|Conservation status||Periodically expands range to north and east, is killed back by severe winters. May be in long-term decline in California.|
|Family||Cuckoos, Roadrunners, Anis|
|Habitat||Deserts, open country with scattered brush. Most common in Sonoran desert and in other kinds of brushy country, including chaparral and Texas brushlands, in areas with a mix of open ground and dense low cover. At limits of range, found in dry grassland, forest edges, and limestone hills with scattered junipers.|
Usually hunts by walking rapidly, looking for prey, then making very rapid dash forward to catch prey in its bill. May leap straight up from ground to catch insects or birds flying over (has been seen catching hummingbirds this way).
3-5, sometimes 2-6. White to pale yellowish. Incubation is by both parents (male does more), about 20 days. Young: Fed by both parents; leave the nest after about 18-21 days. May begin catching own food soon after leaving nest, but still fed by parents up to another 30-40 days.
Fed by both parents; leave the nest after about 18-21 days. May begin catching own food soon after leaving nest, but still fed by parents up to another 30-40 days.
Includes insects, reptiles, rodents, birds. Feeds on many large insects, plus other arthropods including scorpions, tarantulas, and centipedes. Also catches many lizards, snakes, mice, young ground squirrels, small birds (including baby quail and adult sparrows), sometimes snails. Eats some fruits (especially cactus fruit) and seeds.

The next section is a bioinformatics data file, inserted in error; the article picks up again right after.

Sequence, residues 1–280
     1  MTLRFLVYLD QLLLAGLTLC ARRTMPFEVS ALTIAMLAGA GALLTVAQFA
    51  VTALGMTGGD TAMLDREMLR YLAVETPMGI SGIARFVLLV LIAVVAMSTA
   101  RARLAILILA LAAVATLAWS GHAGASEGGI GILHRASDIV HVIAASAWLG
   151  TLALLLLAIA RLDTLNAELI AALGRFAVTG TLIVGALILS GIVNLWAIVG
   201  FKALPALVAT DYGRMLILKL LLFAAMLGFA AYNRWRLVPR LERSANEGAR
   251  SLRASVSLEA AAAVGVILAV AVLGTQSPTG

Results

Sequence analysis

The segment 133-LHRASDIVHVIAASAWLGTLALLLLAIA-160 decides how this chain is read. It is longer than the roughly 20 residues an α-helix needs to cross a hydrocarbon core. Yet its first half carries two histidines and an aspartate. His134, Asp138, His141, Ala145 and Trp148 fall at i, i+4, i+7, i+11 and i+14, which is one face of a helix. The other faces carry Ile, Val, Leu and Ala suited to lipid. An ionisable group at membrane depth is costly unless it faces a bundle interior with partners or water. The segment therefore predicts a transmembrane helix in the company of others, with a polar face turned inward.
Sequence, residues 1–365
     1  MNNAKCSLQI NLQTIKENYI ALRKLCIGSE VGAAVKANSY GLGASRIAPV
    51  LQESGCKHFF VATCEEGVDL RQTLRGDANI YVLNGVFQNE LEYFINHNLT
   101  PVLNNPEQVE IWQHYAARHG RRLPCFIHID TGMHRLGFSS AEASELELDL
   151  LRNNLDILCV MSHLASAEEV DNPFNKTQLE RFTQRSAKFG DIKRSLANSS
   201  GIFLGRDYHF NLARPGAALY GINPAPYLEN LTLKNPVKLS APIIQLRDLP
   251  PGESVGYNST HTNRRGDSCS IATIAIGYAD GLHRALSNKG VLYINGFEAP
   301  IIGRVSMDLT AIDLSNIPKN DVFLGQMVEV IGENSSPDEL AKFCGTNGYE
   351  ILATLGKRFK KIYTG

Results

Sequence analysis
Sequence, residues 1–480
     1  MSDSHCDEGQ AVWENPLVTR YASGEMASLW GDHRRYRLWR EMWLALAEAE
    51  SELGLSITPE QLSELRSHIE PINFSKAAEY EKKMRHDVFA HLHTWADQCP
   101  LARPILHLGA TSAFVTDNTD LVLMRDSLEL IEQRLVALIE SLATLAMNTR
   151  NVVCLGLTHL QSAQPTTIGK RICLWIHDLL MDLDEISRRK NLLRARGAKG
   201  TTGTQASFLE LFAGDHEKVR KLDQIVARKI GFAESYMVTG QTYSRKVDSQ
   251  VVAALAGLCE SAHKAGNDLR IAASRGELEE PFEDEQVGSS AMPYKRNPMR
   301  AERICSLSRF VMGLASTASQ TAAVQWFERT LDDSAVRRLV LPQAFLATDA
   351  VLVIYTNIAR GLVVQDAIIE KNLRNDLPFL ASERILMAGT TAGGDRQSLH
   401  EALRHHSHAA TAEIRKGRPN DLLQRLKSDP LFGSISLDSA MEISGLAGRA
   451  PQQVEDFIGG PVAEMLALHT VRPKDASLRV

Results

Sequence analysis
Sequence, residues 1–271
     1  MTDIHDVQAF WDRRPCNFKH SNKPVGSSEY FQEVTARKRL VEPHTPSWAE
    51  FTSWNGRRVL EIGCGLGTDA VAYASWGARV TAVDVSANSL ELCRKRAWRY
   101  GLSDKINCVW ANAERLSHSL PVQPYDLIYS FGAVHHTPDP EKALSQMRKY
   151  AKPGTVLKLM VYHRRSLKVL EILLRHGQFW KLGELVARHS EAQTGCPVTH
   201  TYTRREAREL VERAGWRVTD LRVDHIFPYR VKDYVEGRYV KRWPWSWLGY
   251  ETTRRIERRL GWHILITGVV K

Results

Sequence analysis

May mate for life, pairs defending territory all year. Courtship includes chases on foot, with frequent pauses to rest. One bird (either sex) approaches the other with stick or blade of grass, and drops it on the ground or gives it to other bird. In other displays, male runs away from female with tail and wings raised over back, gradually lowers wings; male wags tail from side to side while slowly bowing. Nest site is in dense bush, low tree, or cactus, usually 2-12' above ground, rarely on ground. Nest is platform of sticks, lined with grass, leaves, feathers, sometimes with snakeskin or pieces of cow manure.
Illustration © David Allen Sibley.
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Text © Kenn Kaufman, adapted from
Lives of North American Birds
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Permanent resident, but some (young birds?) may wander considerable distances.
- All Seasons - Common
- All Seasons - Uncommon
- Breeding - Common
- Breeding - Uncommon
- Winter - Common
- Winter - Uncommon
- Migration - Common
- Migration - Uncommon
See a fully interactive migration map for over 450 bird species on the Bird Migration Explorer.Learn more
Songs and CallsClucks, crows, dove-like coos, dog-like whines, and hoarse guttural notes.
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How Climate Change Will Reshape the Range of the Greater Roadrunner
Audubon’s scientists have used 140 million bird observations and sophisticated climate models to project how climate change will affect this bird’s range in the future.
Zoom in to see how this species’s current range will shift, expand, and contract under increased global temperatures.
Climate threats facing the Greater Roadrunner
Choose a temperature scenario below to see which threats will affect this species as warming increases. The same climate change-driven threats that put birds at risk will affect other wildlife and people, too.